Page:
3) “When you go in to an investor be yourself. It’s OK to say you have vulnerabilities in your plan or that you haven’t figured it all out.”
If you present your business ideas as if they don’t have any weaknesses, investors will either assume that you’re simply naive or just flat out dishonest. Everybody wants to make a strong impression, but the best way to do that is by showing people that you have a realistic understanding of the obstacles you’ll be faced with on your entrepreneurial path. Know who your potential competition is. Know who your potential enemies and critics are. Know the shortcomings of your management team. Know the resistance you may encounter from your market. You don’t need to spill your guts about every possible thing that could go wrong, but you do need to demonstrate an awareness of the sorts of challenges that make strategic thinking necessary.
4) “Raising money isn’t inherently good. Not every company needs to raise capital.”
Before you try to raise capital, be very specific about what you would (and wouldn’t) use the capital for. Never assume that you’ll automatically be better off with an investor’s money. Each time you raise money, you’re giving up equity. If you give away too much equity early on, you’ll lack the leverage necessary to attract investors when you really need them.
5) “The most important thing is creating value for others. You can’t focus on making money.”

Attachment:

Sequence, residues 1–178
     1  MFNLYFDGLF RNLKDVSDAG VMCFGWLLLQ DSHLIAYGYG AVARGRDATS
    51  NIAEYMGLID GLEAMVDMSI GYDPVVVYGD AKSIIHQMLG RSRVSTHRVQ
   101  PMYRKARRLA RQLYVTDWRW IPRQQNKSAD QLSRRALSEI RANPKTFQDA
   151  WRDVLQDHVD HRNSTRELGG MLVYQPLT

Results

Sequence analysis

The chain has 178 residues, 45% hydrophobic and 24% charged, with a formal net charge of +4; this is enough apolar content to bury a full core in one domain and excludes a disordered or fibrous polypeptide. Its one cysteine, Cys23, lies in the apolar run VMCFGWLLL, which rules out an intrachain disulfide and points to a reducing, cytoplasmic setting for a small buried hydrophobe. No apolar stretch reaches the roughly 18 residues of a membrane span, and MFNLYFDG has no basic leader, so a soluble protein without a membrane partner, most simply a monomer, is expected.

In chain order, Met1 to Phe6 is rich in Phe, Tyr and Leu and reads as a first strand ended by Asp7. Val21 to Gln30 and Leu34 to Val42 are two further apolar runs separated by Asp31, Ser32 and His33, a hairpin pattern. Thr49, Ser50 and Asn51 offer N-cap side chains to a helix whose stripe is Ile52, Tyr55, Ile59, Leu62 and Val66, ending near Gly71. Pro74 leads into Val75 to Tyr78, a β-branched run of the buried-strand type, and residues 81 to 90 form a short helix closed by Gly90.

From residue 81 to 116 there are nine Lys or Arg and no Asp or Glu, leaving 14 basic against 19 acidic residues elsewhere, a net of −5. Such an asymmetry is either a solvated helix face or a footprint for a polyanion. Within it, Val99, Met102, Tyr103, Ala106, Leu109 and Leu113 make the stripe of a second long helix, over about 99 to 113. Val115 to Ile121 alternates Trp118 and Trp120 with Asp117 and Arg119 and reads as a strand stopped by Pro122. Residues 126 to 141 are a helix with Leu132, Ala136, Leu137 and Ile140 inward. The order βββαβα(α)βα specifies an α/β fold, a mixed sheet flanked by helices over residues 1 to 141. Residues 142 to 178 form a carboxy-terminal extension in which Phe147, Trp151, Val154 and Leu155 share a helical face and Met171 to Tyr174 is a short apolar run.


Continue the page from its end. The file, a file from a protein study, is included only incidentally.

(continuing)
Making money is a lot like making friends. If you focus on being popular, you’ll just drive people away. If you stop counting the number of friends you have and just focus on being interested in others, you’ll have more friends than you can count. Dale Carnegie wrote, “You’ll make more friends by becoming interested in other people than by trying to get other people to be interested in you.” The same is true of money. If you’re just consumed with the idea of getting people to give you money, not only will you come across as obnoxious, but you’ll also be out of touch with the very kinds of creative ideas that will help you. Always focus on how you can help improve other people’s experiences. Money is just a metric that measures your contribution to the well-being of others. “If you create value, profits will come.”
6) “I surround myself with people a lot smarter than me.”
This is one of the most simple, yet overlooked pieces of advice I hear over and over again from great achievers. Why do successful people insist on reminding us of this? Maybe because the ego has a need to feel good about itself. And while there’s nothing wrong with feeling good about ourselves, it’s very easy to take shortcuts by only socializing with people who never challenge us to get better. If you want to feel good about yourself, dedicate your life to personal development. Read books that are slightly above your level. Reach out to people who have more influence and wealth than you. Allow yourself to be influenced by great thinkers who can really take you for a good brain spin. The sense of self-esteem you can build from elevating your mind is so much better than the pseudo-confidence that comes from avoiding people who are better than you at important things. Smart people will take your mind to interesting places. And when you start going to interesting places in your mind, it’s only a matter of time before you start going to interesting places in your business and in your life.